Denise Mina on Mrs Puntila: 'We want people to leave feeling uplifted and angry and motivated to stand up for each other'

Scottish crime writer and playwright talks Brecht, gender swaps and working with Elaine C Smith

One of Scotland's best loved crime writers, Denise Mina is not one for taking predictable routes in her work. Her piece for A Play, A Pie, And A Pint, Ida Tamson, had her teaming up with comedic actor Elaine C Smith, a fruitful collaboration focusing on gangsters and the impact on their families.

Now they are reunited for Mina's unique spin on the Bertolt Brecht adaptation Mr Puntila and His Man Matti. A lifelong admirer of Brecht since she was stage manager at the tender age of 15 on a production of Caucasian Chalk Circle at Bromley Little Theatre, Mina aims to repurpose this particular play for a whole new audience.

For Mina, the gender swap to Mrs Puntila And Her Man Matti is necessary. 'Gender blindness is quite the trend in theatre at the moment, and I love it,' she says, 'but the gender swap is fundamental to updating this play. The politics in it and the story are so pertinent now because it's all about power and income differentials, about who owns the land and workers' rights, but the gender politics in the original are super-funky and very uncomfortable. The gender swap means that the play is a bit more Harvey Keitel and a bit less Harvey Weinstein.'

She is equally enthusiastic when it comes to working with Smith again, too. 'She brings Christmas to the production! She's such a great performer, it's very hard not to watch her on stage all the time, even if she's standing at the side. She also invites an audience who might be wary of Brecht, because he's not always done to be funny and entertaining but with Elaine, they know they'll enjoy it. I think she's hugely under-appreciated as an actor, because she seems so familiar.'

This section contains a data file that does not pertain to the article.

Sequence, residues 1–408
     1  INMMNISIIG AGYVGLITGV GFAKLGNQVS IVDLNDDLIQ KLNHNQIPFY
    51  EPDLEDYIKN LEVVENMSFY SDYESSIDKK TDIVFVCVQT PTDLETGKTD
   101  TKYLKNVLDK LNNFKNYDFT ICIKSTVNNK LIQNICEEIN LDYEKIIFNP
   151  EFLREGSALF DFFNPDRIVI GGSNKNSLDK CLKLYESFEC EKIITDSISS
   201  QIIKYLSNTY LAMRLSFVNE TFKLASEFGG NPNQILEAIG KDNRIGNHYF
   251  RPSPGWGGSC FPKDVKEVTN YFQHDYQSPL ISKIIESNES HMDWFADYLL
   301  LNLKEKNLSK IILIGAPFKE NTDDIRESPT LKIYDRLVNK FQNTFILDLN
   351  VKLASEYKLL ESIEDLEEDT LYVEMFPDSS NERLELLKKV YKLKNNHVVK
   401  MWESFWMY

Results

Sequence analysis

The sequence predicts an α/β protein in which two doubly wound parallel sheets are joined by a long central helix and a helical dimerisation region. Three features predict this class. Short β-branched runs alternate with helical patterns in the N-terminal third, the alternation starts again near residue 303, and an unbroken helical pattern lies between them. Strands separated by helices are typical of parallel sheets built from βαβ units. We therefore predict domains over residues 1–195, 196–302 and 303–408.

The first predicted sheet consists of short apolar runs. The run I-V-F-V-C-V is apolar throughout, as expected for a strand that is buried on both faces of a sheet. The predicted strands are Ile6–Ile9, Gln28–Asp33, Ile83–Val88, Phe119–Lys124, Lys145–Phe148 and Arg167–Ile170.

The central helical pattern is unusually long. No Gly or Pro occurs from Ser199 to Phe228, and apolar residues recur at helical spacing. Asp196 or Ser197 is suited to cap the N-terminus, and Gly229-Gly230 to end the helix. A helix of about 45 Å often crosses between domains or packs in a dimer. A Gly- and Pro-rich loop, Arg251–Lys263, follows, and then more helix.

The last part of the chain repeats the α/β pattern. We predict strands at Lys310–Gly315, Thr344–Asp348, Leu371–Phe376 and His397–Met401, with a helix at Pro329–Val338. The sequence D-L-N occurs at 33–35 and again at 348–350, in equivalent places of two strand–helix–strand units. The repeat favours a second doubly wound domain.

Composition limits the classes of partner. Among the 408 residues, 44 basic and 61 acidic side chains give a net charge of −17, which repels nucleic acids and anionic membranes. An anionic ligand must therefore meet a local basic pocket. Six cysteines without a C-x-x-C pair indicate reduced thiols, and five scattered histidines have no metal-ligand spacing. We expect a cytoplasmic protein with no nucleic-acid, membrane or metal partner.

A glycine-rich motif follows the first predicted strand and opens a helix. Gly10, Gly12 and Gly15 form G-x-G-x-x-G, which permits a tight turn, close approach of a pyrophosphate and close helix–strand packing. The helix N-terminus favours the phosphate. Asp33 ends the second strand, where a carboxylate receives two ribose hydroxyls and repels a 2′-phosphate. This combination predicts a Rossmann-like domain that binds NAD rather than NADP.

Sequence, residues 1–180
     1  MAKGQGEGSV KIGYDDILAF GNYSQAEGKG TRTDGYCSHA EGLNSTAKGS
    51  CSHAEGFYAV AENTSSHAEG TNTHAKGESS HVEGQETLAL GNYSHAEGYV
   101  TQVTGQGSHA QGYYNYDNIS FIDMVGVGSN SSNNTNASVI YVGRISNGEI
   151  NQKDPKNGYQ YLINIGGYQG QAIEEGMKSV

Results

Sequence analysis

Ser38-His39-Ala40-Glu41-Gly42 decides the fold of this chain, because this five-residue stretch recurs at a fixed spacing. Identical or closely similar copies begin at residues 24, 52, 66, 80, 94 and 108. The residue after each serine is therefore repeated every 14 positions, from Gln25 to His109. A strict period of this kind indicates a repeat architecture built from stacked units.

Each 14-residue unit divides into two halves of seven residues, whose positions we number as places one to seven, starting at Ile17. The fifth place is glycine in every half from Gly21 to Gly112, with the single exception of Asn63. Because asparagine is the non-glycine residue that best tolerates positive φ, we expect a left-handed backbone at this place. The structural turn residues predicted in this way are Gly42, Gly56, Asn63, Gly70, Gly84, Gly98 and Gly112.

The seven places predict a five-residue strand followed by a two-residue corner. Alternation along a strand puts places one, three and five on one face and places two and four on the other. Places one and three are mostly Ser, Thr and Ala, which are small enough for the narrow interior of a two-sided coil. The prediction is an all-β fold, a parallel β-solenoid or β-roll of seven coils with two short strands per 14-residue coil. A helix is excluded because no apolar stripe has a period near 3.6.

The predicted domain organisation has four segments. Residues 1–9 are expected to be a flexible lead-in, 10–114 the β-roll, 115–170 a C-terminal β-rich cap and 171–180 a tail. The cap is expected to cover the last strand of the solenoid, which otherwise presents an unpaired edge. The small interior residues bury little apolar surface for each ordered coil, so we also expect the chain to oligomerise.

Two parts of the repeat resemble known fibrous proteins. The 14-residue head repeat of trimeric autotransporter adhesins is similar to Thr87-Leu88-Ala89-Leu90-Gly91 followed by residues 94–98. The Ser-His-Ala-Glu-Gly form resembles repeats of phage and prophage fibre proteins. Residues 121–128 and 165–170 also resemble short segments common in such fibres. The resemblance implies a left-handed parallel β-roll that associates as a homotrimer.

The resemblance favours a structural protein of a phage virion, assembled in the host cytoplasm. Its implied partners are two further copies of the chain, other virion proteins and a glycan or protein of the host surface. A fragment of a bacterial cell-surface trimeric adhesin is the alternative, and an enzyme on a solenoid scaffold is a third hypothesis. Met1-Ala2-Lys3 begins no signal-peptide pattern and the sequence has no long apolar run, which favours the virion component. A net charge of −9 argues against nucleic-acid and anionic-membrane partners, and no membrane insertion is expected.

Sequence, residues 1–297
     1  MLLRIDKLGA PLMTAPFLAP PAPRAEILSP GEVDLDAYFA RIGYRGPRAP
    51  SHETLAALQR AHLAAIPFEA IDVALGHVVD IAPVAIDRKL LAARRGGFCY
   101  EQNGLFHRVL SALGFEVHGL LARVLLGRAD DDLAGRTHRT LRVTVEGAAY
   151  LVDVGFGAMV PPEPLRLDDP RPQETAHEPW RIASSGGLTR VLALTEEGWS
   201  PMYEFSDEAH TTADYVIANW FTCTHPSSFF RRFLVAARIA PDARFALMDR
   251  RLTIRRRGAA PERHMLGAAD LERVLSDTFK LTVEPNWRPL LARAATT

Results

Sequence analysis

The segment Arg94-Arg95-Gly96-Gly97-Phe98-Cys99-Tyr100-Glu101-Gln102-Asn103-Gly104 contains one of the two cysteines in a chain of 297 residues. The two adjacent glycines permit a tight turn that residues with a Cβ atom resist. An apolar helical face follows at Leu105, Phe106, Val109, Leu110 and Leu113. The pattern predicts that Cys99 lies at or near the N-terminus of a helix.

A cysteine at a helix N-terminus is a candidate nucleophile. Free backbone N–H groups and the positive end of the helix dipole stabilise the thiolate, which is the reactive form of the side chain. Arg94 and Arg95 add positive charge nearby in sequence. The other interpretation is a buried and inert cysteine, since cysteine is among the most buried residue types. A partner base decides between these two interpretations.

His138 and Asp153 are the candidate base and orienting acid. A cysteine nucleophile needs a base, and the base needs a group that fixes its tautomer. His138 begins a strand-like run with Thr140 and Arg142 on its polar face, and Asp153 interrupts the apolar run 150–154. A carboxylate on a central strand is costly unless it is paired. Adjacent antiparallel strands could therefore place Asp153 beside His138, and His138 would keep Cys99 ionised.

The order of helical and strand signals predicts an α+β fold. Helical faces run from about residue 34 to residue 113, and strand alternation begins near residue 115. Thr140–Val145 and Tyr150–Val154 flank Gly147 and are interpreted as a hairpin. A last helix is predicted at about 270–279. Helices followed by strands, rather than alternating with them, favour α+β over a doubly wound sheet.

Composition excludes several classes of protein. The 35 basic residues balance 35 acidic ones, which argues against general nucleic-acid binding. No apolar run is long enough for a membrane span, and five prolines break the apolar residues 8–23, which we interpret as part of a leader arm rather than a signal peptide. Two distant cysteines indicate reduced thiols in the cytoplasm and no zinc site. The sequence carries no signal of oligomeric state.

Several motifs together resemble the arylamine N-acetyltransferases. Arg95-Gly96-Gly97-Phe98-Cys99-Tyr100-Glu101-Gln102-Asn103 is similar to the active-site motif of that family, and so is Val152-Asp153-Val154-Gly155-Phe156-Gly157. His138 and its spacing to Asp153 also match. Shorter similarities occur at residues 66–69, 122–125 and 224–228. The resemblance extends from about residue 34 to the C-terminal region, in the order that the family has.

As Ida Tamson proved, Mina's work also has a lot of wit along with the dark stuff too. Mrs Puntila continues this theme. 'We have easy laughs; uneasy laughs, niche, mainstream, cheap, expensive, the whole shebang of laughs!' Mina says.

This being Brecht, there are of course, political barbs with every humorous line. Murat Daltaban who previously directed Ionesco's satire Rhinoceros at the Lyceum returns to direct this.

'We want it to be really, really funny.' Mina adds. 'We want people to leave feeling uplifted and angry and motivated to take no shit, and stand up for each other. In the original, Brecht says, "never accept your rights as charity", and that's pretty much the theme of it. We want riots!'

Royal Lyceum Theatre, Edinburgh, Fri 28 Feb–Sat 21 Mar, Tramway, Glasgow, Wed 25 Mar–Sat 11 Apr.

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